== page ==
For many people who get into a car accident, DMV reporting is the least of their concerns, and with good reason. If you have been in a collision or an accident of any kind, it is crucial you ensure anyone involved receives proper medical attention first, before taking any other action. Following the accident, Department of Motor Vehicles representatives will like to know the circumstances and the damages, as well as any details concerning a DUI, DWI or other violation. Failure to stop at the scene of an accident is a crime.
Know Your State's Regulations
All states require you present your driver's license, proof of car registration and proof of auto insurance at the scene of an accident. You must have these documents available to present to any police officers who may be present, as well as to any other individuals involved in the accident.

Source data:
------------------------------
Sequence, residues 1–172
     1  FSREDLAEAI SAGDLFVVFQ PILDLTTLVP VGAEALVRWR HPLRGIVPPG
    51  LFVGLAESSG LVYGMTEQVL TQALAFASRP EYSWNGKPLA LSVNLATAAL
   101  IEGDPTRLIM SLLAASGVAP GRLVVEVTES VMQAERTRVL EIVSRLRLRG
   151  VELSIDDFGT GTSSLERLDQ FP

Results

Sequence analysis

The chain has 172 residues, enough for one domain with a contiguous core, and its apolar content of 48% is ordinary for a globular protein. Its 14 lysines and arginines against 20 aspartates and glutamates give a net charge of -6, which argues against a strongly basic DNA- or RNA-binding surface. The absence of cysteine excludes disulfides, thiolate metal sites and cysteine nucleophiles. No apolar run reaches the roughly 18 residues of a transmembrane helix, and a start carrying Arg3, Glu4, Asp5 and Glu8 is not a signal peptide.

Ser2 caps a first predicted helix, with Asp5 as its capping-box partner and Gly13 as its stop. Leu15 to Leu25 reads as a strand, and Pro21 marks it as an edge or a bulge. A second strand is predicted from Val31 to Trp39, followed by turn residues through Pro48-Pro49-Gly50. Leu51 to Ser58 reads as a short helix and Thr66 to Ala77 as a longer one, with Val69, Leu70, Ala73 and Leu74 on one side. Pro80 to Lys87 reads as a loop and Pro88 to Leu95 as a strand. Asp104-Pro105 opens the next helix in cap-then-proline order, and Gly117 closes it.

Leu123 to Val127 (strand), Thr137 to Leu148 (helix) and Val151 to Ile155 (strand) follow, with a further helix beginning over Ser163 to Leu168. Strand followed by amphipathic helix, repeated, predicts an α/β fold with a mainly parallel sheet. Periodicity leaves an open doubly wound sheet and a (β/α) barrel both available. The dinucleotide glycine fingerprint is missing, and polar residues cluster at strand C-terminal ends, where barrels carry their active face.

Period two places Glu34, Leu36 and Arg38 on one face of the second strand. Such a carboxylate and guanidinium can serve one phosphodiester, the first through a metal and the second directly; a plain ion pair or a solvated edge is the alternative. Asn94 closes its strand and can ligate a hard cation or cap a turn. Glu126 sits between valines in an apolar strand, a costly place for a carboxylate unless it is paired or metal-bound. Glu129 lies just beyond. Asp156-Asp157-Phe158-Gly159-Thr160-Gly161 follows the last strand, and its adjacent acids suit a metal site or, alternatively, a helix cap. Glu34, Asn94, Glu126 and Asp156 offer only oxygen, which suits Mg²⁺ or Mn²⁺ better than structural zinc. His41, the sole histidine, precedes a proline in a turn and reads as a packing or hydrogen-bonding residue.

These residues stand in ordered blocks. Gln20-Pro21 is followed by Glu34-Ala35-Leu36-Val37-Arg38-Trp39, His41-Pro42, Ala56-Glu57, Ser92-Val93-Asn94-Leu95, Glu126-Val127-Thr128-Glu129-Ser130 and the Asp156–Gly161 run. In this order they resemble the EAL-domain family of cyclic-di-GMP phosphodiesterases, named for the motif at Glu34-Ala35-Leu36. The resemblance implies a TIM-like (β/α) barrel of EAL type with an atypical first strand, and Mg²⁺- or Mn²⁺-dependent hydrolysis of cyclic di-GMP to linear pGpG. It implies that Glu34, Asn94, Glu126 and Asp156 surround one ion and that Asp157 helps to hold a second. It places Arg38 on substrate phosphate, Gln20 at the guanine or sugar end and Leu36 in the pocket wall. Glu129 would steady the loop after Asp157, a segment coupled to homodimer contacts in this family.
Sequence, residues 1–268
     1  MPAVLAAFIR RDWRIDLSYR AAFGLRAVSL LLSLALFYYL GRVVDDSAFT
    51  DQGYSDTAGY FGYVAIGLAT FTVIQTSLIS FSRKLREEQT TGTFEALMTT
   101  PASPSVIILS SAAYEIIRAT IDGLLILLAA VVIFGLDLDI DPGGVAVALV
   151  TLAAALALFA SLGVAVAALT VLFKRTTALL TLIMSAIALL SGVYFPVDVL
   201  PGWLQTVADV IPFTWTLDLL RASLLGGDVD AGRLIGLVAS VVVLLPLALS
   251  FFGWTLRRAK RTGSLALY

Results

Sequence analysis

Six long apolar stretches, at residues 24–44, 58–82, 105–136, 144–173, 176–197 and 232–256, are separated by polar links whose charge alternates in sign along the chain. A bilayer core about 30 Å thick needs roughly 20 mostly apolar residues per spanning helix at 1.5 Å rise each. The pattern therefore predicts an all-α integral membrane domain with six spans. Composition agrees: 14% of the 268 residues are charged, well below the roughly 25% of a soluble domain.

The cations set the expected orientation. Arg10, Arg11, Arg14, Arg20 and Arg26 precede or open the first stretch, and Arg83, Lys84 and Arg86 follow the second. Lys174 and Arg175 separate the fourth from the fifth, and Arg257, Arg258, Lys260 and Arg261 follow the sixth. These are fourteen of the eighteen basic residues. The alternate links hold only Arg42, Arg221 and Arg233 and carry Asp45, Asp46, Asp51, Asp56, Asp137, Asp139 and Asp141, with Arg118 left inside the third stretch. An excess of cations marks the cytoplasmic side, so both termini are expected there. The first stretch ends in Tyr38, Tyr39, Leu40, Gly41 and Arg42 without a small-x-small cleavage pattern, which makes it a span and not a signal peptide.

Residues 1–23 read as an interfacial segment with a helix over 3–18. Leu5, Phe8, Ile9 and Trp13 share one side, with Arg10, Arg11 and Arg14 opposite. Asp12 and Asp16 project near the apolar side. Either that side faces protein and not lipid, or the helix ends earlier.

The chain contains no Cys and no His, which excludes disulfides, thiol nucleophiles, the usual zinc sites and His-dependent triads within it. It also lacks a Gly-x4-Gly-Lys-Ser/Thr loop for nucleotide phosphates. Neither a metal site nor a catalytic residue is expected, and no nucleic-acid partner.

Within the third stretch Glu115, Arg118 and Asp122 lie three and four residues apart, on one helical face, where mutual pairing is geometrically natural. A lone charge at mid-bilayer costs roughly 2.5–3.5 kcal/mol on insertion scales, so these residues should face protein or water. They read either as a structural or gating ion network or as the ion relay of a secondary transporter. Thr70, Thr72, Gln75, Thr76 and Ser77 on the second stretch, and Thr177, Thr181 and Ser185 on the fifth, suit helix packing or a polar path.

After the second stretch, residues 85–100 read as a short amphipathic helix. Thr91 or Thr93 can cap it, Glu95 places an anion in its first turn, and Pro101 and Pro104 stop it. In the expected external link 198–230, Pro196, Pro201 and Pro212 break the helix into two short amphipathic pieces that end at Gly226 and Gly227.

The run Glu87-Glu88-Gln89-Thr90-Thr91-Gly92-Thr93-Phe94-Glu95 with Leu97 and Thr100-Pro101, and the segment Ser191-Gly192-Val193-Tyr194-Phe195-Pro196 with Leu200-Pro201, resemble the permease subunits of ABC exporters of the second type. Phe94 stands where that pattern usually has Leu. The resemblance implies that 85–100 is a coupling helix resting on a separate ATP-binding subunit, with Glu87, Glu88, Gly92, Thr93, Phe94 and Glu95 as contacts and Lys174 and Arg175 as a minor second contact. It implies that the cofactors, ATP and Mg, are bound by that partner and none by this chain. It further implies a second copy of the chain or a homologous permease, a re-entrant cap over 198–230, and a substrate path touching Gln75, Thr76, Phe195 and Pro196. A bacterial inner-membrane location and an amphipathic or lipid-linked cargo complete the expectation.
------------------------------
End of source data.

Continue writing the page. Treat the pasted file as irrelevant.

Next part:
States differ, however, on the situations in which you must report the accident to the DMV. Begin by consulting your auto insurance company. In the case of serious accidents, an agent from the insurance company or a lawyer must fill out an accident report form for delivery to the DMV. This report must be filed within 10 days of the accident in most states.
This information holds true for most locations within the United States. However, to be entirely sure about when you need to report an accident, visit your state's DMV website, consult with an insurance agent or legal representative, or visit a DMV branch near you. Failure to properly report an accident within the regulated timeframe may result in financial or other penalties.